Once all cutting and drilling is complete, make a new sub-deck from 40-60 thou. styrene and re-assemble the sides and ends carefully around this sub floor. I used the flat bottom Ace bolsters (not the conversion bolsters) with the 5 1/2 foot truck center spacing. Check the bolsters against the width of the assembled car. I needed to trim a bit off each end as well as cutting back the coupler box mount enough so the end of the box would extend over the end sill of the car with the box mount butted to the inside edge of the end. The Ace metal is very hard, so you may need to use a Dremel tool and cut-off disc (VERY CAREFULLY) to do the trimming. Fortunately, the amount trimmed does not have to be exact. Tap the coupler and truck mounting holes and mount the bolsters, being careful to keep both holes centered if you want the car to run well. I used 5 min epoxy to mount them, making sure to build up a fillet through the bolster mounting holes but NOT the truck or coupler mountings. The mounting might be more robust if you fasten the bolster with screws but the styrene sub floor does not give them much to hold onto. You should also reinforce the side to sub floor joints with fillets of epoxy. At this point you must decide how to handle the underframe. If your layout is fairly low, you can probably skip it altogether and no one will be the wiser. If the AF body you started with had a full fish belly (I've seen at least three variations on the underframes of these cars) you can do as I did and saw it off the deck. This is a lot of work, using a hacksaw or deep razor saw to cut parallel to the remaining deck. It may be easier to simply build one up from sheet styrene. Make sure the trucks have room to swing! I didn't add any brake gear, I defy anyone to tell while the car is on the track. Add weight in the center of the car, then spray the underside grungy black. Touch up or paint the car body and apply any decals to match your prototype. The Champ HO data sets are a big help here; many have data slightly large for HO.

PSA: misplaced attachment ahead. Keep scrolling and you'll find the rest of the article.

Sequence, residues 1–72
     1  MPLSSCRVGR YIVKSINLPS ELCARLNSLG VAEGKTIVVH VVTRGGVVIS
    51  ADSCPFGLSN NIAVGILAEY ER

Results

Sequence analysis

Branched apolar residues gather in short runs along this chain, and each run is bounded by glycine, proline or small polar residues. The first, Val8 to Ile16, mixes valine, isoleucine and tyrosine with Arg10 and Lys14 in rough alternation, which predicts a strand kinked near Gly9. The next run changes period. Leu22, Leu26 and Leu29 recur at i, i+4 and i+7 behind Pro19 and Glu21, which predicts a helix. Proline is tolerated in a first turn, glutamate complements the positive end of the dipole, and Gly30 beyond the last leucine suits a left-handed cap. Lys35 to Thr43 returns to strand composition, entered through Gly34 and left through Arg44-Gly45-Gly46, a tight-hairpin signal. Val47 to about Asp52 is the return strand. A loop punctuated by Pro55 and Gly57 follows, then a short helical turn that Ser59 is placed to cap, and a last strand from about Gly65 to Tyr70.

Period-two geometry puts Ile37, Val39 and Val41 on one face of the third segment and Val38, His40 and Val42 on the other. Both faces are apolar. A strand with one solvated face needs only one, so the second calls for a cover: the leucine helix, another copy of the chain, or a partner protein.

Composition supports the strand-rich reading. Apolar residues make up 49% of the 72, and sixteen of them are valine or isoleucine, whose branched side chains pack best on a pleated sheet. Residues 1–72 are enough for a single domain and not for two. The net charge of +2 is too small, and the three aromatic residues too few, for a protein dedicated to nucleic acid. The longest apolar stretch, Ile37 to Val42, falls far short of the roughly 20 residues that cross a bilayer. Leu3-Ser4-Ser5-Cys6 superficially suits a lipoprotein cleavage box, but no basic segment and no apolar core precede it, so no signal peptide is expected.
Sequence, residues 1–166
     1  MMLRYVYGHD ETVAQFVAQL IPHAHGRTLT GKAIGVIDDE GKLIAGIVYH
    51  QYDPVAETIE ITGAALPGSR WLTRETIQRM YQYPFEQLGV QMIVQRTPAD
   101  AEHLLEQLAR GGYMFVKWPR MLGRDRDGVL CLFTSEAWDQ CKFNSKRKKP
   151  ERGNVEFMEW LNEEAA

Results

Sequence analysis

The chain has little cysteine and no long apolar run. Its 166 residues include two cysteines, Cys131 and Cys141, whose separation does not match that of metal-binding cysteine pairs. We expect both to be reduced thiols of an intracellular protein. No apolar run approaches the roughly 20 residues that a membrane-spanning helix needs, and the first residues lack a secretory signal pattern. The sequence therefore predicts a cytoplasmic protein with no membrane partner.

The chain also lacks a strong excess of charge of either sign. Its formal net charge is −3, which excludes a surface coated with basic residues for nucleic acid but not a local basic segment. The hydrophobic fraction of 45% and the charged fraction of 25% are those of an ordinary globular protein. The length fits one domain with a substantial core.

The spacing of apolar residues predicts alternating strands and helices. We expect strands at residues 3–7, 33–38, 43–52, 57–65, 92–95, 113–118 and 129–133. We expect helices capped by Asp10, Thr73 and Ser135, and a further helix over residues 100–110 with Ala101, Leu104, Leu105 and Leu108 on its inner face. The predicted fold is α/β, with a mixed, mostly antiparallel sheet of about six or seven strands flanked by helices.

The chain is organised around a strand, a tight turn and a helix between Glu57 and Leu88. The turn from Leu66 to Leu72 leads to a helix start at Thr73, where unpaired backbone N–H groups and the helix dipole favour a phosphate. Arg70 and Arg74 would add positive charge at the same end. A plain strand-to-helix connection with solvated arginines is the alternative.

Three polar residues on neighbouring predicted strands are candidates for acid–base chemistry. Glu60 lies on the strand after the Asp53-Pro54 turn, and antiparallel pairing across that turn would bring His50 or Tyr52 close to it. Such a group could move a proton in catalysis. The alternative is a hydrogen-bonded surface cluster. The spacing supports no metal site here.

Now you're in the home stretch! The real wood deck is easier than you think. You do need to pick an appropriate size of wood. Commercial basswood strip is fine, even balsa will work. I had a package of Campbell profile switch ties (HO scale) lying around for years that turned out to be perfect. Once more, you can choose from two prototype styles. Some cars have the deck like the original AF car, even with the sides of the car body. For this style, cut all decking pieces the same length. Other cars have decking which extends out even with the outside of the stake pockets (like the S Helper car). This style decking requires that the boards that cover the stake pockets be cut shorter to allow stakes to be inserted. Either style would be correct for these cars. Stain the wood, then use a NWSL chopper or your own jig to cut the wood to identical length. Coat the sub floor with a water-based glue like Elmers acrylic contact cement and begin laying on the deck pieces. Be sure to line up the ends carefully, check them with a straight edge to be certain each board is in line with its neighbors. Also double check that the planks are centered on the car width. If you are modeling the style with the overhanging deck, you will need to align the shorter boards over the stake pockets by eye. When done, set a metal ruler or other long weight on the deck while the glue sets. Once the deck is dry, some of the boards on the overhanging deck may need trimming to provide full clearance over the stake pockets.
The brake wheel is the last part you need (except for your choice of trucks and KD #5 couplers). I used one from the MDC HO old-timers series, a large part with curving spokes, which is just way too big for HO. Drill out the hub for a three scale foot length of wire, drill the brake wheel mount on the car end to match and mount the wheel. Most flats have a brake wheel that can be dropped flat on the deck to clear long loads. One way to protect the fragile wheel if your car is subject to rough handling is to push the brake rod all the way through the mounting until the wheel is flush on top of the deck planking before gluing it in place. If you do this, make sure the bottom of the rod is high enough to clear the track and any crossings or other obstructions. Of course, the AF stake pockets are not hollow so it is difficult to add loads that require stakes.